Certification isn’t required by all states. When it is, you’ll need to complete at least 75 hours of training in a program that’s been approved by your state. Programs might be offered by local home health agencies, hospices, health services agencies, or even online. Keep in mind that you’ll need to complete some in-person clinical training if you choose to attend an online program. Most states require at least 16 hours.

Home health aides generally take on tasks such as:

  • Providing companionship and support
  • Helping clients bathe and dress
  • Arranging transportation
  • Helping with housekeeping tasks such as laundry or dishes
  • Planning and scheduling appointments
  • Shopping for groceries and other necessities
  • Preparing meals that meet a client’s medical and cultural needs
  • Taking vital signs
  • Assisting clients with simple exercises
  • Reporting any changes in a client to nurses
  • Taking on any other care tasks assigned by a supervising nurse

Next steps for advancement: As a home health aide, you might choose to pursue a program to become a licensed practical nurse (LPN), which will give you the chance to take on much more responsibility, oversee nursing aides and assistants, and potentially double your salary.

Certified Nursing Assistant (CNA)

Length of Time

1–4 months, with between 75 and 180 hours of training, depending on your state

Average Program Cost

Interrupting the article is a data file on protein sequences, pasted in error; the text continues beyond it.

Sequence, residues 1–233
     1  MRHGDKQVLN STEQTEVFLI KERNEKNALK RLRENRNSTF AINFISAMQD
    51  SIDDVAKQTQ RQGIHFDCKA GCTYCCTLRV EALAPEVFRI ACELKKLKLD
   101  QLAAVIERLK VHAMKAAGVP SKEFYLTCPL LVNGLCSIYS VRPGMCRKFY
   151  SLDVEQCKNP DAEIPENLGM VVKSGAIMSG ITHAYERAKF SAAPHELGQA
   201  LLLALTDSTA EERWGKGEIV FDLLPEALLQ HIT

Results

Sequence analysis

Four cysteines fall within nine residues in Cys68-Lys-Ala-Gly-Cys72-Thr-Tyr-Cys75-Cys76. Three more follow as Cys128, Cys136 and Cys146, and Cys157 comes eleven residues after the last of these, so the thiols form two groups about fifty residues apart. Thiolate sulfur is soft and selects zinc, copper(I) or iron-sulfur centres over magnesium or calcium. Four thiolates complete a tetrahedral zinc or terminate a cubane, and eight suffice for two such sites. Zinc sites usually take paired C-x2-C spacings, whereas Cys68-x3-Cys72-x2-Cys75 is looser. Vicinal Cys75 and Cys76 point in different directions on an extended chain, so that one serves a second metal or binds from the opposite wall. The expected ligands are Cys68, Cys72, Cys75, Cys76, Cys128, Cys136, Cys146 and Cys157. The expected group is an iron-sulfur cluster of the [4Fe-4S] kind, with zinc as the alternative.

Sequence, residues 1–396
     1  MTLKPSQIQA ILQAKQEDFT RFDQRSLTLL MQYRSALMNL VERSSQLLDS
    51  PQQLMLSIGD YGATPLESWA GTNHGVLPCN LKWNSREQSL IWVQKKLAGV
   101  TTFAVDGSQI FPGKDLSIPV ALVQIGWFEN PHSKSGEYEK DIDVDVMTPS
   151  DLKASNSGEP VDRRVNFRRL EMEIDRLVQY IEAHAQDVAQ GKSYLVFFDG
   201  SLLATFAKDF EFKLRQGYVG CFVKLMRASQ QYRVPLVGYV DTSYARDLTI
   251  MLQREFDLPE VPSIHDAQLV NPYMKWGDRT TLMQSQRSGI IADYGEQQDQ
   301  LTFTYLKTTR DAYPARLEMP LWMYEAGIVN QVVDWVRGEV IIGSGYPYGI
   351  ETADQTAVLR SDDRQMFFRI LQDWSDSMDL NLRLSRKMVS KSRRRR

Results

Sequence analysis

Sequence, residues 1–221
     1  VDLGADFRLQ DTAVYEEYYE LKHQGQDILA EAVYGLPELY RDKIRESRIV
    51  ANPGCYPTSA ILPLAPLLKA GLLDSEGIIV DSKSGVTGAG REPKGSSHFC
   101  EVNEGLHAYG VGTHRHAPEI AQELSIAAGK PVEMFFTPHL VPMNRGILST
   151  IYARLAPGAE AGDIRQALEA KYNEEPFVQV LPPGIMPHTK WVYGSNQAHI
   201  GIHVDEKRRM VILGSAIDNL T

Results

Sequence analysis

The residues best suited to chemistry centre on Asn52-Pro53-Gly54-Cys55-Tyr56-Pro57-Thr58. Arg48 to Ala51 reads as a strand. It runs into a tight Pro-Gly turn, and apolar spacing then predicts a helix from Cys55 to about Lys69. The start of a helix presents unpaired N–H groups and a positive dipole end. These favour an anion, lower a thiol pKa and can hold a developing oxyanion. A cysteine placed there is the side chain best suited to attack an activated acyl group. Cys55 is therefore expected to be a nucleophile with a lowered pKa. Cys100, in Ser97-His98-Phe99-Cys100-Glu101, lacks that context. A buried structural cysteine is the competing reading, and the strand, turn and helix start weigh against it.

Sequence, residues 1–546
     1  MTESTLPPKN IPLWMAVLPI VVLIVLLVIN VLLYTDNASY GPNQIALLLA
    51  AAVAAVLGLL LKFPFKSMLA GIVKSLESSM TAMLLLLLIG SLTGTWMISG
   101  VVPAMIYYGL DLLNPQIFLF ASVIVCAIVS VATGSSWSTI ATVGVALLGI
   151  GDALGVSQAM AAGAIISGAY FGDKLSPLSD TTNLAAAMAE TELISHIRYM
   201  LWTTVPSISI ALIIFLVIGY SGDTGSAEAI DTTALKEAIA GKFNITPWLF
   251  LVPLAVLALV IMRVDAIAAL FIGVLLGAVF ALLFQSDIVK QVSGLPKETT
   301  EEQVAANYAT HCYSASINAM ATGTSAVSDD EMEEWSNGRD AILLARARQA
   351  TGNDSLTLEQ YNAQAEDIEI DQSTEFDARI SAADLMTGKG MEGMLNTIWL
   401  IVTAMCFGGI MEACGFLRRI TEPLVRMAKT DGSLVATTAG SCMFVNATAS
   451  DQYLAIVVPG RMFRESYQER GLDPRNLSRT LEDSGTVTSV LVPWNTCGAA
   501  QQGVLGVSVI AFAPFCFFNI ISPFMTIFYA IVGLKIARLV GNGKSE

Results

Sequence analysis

Median Annual Salary


Certified Nursing Assistants (CNAs) complete programs that are approved by their state and earn certification. Programs can require as few as 75 hours or as many as 180 hours depending on your state. Program lengths will also vary depending on state requirements and the structure of your program, but most can be completed in 1 to 4 months. Nursing assistant programs are offered by nursing facilities, health departments, hospitals, community colleges, and technical skills.

“Home health aide or CNA programs are a good fit for people who want to enter the healthcare field quickly,” says Rhodes. “[They] allow people to get their foot in the door of healthcare. Many CNAs and home health aides eventually attend nursing school and can gain experience that is valuable for their nursing education.”

Nursing assistant programs offer the educational foundation you need to provide care for patients in hospitals and other facilities. You’ll cover topics such as:

  • Medical terminology
  • Patient movement and body mechanics
  • Basic patient assessment
  • Basic wound care
  • Infection control
  • Patient rights
  • Communication
  • Taking and recording vital signs
  • Caring for patients’ daily needs such as bathing